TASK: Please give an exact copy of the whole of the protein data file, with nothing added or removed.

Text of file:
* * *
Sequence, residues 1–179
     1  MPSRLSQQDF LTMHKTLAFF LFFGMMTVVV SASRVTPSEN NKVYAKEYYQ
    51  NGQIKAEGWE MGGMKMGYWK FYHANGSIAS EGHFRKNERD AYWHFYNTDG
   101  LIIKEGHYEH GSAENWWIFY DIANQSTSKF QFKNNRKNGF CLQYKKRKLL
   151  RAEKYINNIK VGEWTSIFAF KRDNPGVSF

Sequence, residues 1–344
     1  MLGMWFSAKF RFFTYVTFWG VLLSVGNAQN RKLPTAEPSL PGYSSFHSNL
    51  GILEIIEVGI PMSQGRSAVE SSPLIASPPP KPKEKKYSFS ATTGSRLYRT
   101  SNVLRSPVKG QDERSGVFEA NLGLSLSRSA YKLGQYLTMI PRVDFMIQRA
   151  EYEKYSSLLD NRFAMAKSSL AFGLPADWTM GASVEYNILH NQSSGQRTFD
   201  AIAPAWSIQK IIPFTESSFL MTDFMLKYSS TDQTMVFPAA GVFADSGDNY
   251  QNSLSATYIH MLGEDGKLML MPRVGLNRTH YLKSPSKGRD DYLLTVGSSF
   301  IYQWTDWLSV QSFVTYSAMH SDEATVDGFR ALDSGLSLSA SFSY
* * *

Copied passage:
Sequence, residues 1–179
     1  MPSRLSQQDF LTMHKTLAFF LFFGMMTVVV SASRVTPSEN NKVYAKEYYQ
    51  NGQIKAEGWE MGGMKMGYWK FYHANGSIAS EGHFRKNERD AYWHFYNTDG
   101  LIIKEGHYEH GSAENWWIFY DIANQSTSKF QFKNNRKNGF CLQYKKRKLL
   151  RAEKYINNIK VGEWTSIFAF KRDNPGVSF

Sequence, residues 1–344
     1  MLGMWFSAKF RFFTYVTFWG VLLSVGNAQN RKLPTAEPSL PGYSSFHSNL
    51  GILEIIEVGI PMSQGRSAVE SSPLIASPPP KPKEKKYSFS ATTGSRLYRT
   101  SNVLRSPVKG QDERSGVFEA NLGLSLSRSA YKLGQYLTMI PRVDFMIQRA
   151  EYEKYSSLLD NRFAMAKSSL AFGLPADWTM GASVEYNILH NQSSGQRTFD
   201  AIAPAWSIQK IIPFTESSFL MTDFMLKYSS TDQTMVFPAA GVFADSGDNY
   251  QNSLSATYIH MLGEDGKLML MPRVGLNRTH YLKSPSKGRD DYLLTVGSSF
   301  IYQWTDWLSV QSFVTYSAMH SDEATVDGFR ALDSGLSLSA SFSY